Here are some thoughts from a guy who still hasn’t checked his Powerball numbers since I’m well aware that I didn’t have one of the winning tickets for the $575 million windfall.
Worst part is, I was so confident of winning I had already run up that amount of bills.
It's still fun to dream. We all want to consider what we would do with that kind of money -- what relatives and friends we'd share with and how much we would donate to charity.
But we have to be realistic. Since the odds of winning are one in 175 million, you cashing in a winning ticket probably won’t happen.
Still, one of the best descriptions of how to go about seeking a Powerball win is this:
Get a napkin and write down your favorite five numbers. Then pick a Powerball number and write it there. Next, take your two dollars and wrap them tightly inside the napkin. And when that is ready, stick it in your garbage disposal and turn it on.
It’s money down the drain anyhow.
• Speaking of money down the drain, how about jobs down the drain. The Hostess Co. recently negotiated with union employees and made it clear that if contracts couldn’t be settled, the company would close operations.
Although the Teamsters agreed to a settlement, the bakers’ union wouldn’t settle and went on strike. So, blaming the bakers, Hostess officials announced the company will go out of business and more than 18,000 jobs will be lost.
That brought about a big rush on Twinkies as people apparently sought to grab a few last bites of the delicious pastry. I’m not a Twinkies fan, but those cupcakes will be missed.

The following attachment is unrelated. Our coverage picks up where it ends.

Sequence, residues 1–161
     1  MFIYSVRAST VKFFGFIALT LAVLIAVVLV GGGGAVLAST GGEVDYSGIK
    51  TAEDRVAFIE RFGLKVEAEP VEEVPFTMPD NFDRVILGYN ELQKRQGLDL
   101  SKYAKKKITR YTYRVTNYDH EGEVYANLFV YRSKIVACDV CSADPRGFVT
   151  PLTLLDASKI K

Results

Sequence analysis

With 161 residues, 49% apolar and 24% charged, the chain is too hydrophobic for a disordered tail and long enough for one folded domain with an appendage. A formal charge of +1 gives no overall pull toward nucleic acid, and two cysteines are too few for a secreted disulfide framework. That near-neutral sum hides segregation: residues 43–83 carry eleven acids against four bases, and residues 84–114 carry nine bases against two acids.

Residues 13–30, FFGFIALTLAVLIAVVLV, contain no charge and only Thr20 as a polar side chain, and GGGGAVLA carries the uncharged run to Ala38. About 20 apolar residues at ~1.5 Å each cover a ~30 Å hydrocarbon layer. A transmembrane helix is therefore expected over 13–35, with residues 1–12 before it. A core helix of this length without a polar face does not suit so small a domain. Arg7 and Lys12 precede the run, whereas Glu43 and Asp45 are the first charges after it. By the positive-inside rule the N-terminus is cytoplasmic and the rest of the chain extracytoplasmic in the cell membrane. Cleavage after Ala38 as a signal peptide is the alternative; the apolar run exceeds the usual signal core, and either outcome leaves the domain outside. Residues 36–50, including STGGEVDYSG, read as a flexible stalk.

But again it makes you wonder about that so-called “union mentality” where some workers actually claim they would rather lose their jobs than buckle under to company demands. Those kind of people are a bunch of Ding Dongs.
Expectedly, some other companies are trying to buy the rights to produce the Hostess brands. However, that doesn’t mean those companies would be willing to hire the employees who lost their jobs with Hostess.
It’s a sad situation no matter how you look at it.
• Talk about sad situations. How about Gov. Tom Corbett’s attempt to make cuts in state workers’ pensions. While it’s fully understandable since teachers and public employees have experienced pension benefits not often seen in private sector employment, it will create great controversy.
However the interesting situation is that Corbett said the pensions would include lawmakers and judges. But the governor conceded that judges may be shielded from such cuts by the state constitution and it could come to a long court battle.
Gee, I wonder how that court battle will turn out? The state will attempt to reduce the pension of state judges and the people hearing the case will be – state judges!
You have a better chance of winning the Powerball.
The Herald’s Lynn Saternow writes this column each Saturday for the Opinion Page. He can be reached at lsaternow@sharonherald.